widespread use of illegal steroids among Major League Baseball players has been
fueled by an “economy of bodily management,” the free agent market and
exploding television revenues, a UT Arlington assistant professor argues in a
newly published research paper.
Rose, a labor and disability historian, says by attacking individual
ballplayers’ morality, commentators have obscured the more salient issue.
is representative of the fact that Americans increasingly live in an age of
biotechnology in which bodily modification for profit has become the norm and,
often, an unstated job requirement,” said Rose, who joined the UT
Arlington Department of History
in 2009 and is director of the University’s Minor in Disability Studies program.
is the co-author of a new article “Bionic Ballplayers: Risk, Profit, and the
Body as Commodity, 1964-2007” published in the journal LABOR: Studies in Working-Class History of
the Americas. Her
co-author is Joshua A. T. Salzmann, assistant professor of history at
Northeastern Illinois University.
researchers found that while the league minimum salary remained at $6,000
between 1954 and 1967, players’ average salaries soared to $16,000 in the
mid-1960s. Teams paid these increasing salaries out of funds newly attained
through television revenue. Between 1964 and 1979, revenues from television
contracts rose from $21 million to $54 million.
this time, players and owners investigated new ways to preserve and,
eventually, enhance players’ bodies.
pair interviewed notable sports figures such as Nolan Ryan and Bob Costas and a
wide array of baseball players, team physicians, trainers, general managers,
agents and union officials with careers dating back to the mid-1960s. The
article focuses on Sandy Koufax, Tommy John, Frank Jobe and José Canseco, who in his own book admitted to using
performance-enhancing drugs during his playing career. In fact, his tell-all
claimed that the large majority of Major League Baseball players used steroids.
by the prospect of riches, players and teams harnessed fitness training,
reconstructive surgery, biomechanical analysis and performance-enhancing drugs
to reduce wear and tear on players’ bodies and, ultimately, radically alter
them for profit,” Rose and Salzmann concluded in the paper. “This interplay
between economic incentives and medicine created what we call bionic
ballplayers: bigger, stronger, and at times, more fragile than their
study suggests that the question raised by steroids is not individual morality,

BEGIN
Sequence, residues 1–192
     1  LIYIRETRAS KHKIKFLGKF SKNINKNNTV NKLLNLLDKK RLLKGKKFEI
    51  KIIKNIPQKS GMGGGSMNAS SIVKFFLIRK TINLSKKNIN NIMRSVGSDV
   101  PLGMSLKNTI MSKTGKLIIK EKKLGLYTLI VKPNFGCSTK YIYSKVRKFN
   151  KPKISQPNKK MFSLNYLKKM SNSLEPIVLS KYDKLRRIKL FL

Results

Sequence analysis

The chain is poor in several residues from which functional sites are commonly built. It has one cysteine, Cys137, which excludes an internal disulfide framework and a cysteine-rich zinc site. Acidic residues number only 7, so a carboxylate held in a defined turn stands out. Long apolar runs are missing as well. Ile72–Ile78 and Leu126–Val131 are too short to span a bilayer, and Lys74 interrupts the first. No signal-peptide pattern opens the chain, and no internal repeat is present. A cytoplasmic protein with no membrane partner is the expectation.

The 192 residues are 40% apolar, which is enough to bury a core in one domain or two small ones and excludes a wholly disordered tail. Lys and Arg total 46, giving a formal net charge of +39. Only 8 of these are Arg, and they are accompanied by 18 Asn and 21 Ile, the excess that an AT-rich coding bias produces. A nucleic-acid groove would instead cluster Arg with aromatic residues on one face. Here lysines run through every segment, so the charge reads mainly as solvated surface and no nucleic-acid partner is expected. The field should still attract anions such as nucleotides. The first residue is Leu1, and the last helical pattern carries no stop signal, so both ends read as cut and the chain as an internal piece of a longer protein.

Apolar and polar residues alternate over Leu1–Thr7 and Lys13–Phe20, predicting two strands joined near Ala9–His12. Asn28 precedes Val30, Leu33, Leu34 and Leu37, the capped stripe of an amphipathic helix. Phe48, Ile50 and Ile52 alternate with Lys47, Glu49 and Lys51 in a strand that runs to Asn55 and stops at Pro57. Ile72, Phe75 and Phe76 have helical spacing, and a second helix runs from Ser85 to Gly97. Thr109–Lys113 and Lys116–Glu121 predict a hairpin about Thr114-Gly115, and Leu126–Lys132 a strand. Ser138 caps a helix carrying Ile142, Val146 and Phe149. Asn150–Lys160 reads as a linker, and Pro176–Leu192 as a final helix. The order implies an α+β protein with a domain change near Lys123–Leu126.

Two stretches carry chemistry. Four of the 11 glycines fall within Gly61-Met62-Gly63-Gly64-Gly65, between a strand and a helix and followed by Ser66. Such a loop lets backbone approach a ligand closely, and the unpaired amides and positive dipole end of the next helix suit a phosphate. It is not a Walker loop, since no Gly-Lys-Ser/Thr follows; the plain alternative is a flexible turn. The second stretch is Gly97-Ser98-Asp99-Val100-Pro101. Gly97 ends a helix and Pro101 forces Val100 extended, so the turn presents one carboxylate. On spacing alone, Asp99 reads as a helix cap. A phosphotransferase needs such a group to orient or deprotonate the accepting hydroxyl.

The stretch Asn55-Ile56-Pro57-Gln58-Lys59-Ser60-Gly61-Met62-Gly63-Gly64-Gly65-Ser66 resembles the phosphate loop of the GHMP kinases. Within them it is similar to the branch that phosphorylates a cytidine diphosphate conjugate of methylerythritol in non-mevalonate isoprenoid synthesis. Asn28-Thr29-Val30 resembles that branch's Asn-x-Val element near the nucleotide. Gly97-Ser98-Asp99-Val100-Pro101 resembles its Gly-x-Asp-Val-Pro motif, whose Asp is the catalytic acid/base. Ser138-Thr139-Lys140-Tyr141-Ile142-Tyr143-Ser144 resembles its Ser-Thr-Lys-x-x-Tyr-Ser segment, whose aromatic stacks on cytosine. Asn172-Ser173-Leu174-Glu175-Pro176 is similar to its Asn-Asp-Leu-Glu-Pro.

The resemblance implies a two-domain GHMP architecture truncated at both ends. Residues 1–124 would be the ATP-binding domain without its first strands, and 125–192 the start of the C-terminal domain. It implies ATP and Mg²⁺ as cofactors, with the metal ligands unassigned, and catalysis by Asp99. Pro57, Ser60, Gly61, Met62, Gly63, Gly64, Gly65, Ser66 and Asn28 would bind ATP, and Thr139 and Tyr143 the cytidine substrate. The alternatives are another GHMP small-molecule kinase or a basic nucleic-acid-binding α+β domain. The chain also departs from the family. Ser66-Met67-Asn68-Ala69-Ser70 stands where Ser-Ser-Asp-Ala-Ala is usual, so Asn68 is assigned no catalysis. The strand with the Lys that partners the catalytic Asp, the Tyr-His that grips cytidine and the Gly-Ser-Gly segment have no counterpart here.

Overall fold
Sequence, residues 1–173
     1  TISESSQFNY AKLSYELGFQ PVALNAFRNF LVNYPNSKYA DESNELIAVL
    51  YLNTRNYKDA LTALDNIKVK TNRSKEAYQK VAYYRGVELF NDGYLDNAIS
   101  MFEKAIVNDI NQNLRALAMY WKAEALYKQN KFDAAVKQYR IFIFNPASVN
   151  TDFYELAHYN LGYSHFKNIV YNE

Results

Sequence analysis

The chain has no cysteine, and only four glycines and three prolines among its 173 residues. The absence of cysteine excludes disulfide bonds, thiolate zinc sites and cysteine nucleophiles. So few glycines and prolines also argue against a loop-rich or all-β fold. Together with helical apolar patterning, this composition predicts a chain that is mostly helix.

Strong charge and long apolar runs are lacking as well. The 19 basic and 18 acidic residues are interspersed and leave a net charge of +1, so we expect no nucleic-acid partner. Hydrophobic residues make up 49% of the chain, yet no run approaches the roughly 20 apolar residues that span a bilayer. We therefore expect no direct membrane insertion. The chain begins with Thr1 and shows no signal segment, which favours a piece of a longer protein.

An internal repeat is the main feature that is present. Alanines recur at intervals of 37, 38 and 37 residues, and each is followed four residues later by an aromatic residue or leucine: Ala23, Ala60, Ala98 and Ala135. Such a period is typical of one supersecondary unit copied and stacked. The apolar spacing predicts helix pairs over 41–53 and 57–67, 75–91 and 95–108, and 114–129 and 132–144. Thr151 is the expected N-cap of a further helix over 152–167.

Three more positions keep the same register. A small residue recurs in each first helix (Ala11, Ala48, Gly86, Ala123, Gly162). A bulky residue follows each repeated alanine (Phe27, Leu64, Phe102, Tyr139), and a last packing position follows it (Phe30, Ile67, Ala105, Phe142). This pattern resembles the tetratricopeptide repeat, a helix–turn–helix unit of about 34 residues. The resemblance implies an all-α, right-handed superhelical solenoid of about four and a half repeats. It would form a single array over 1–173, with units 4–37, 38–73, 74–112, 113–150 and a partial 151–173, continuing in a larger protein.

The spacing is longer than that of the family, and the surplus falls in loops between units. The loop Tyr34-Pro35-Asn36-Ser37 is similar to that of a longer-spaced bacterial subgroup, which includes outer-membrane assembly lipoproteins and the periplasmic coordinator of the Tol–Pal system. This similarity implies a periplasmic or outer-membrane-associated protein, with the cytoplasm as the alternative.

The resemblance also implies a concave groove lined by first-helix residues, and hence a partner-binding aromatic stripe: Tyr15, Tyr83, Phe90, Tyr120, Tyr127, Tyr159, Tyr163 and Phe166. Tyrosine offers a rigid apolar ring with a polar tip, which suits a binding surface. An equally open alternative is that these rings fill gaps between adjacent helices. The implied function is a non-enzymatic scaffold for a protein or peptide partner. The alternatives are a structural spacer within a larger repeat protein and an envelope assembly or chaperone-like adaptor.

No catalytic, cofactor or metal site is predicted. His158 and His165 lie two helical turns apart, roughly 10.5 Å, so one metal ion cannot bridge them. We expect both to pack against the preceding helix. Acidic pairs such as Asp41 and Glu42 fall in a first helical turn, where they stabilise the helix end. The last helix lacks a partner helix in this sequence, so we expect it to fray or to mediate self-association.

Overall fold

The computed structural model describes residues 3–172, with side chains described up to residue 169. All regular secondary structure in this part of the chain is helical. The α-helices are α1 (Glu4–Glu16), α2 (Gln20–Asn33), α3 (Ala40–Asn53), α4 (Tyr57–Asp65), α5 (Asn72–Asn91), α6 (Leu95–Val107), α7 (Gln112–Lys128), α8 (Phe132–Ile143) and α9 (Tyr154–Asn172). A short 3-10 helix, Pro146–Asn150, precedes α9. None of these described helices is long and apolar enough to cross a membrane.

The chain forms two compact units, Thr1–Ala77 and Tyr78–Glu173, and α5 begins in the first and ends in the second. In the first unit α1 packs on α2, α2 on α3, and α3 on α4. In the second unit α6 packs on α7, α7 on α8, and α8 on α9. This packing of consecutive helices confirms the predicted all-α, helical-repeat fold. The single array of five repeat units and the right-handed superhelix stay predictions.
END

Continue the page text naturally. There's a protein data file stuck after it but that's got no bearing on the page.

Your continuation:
but rather the morality produced by a political economy of labor that calls for
both services and body parts rendered.
as Rose and Salzmann’s article went to press, MLB Commissioner Bud Selig had
just suspended 13 players for using steroids.
Sarah Rose, labor and disability historian in the College of Liberal Arts
has professional baseball players’ steroid use been characterized as an immoral
illegitimate bodily enhancement, when other medical interventions, such as ‘Tommy
John’ elbow reconstruction surgery, have been celebrated as career-saving
cures?” Rose questioned. “While admittedly different, we show that both bodily
interventions arose out of the same dramatic shifts in the business of baseball
– shifts that drove the medicalization of the game and players’ bodies.”
researchers contend that before the advent of salary arbitration and free
agency, ballplayers were disposable parts in a high-risk work environment. But
buoyed by exploding television revenues, the free agent market drove players’
salaries into the millions, transforming the economics of bodily management.
Wright, dean of the UT Arlington College of Liberal Arts, applauded Rose and
the valuable impact that her research has on culture.
Rose is making important contributions to the way we understand the history of
disability and athletics and the pressure that the sports industry places on
its talent,” Wright said. “She is expanding the expertise of UT Arlington and
adding context that helps us understand our world.”
and Salzmann addressed the steroid controversy surrounding New York Yankees
third baseman Alex Rodriguez last year in an opinion piece published in the Chicago Tribune. It is available at http://articles.chicagotribune.com/2013-09-25/opinion/ct-perspec-0925-baseball-20130925_1_baseball-players-bodies-contracts.
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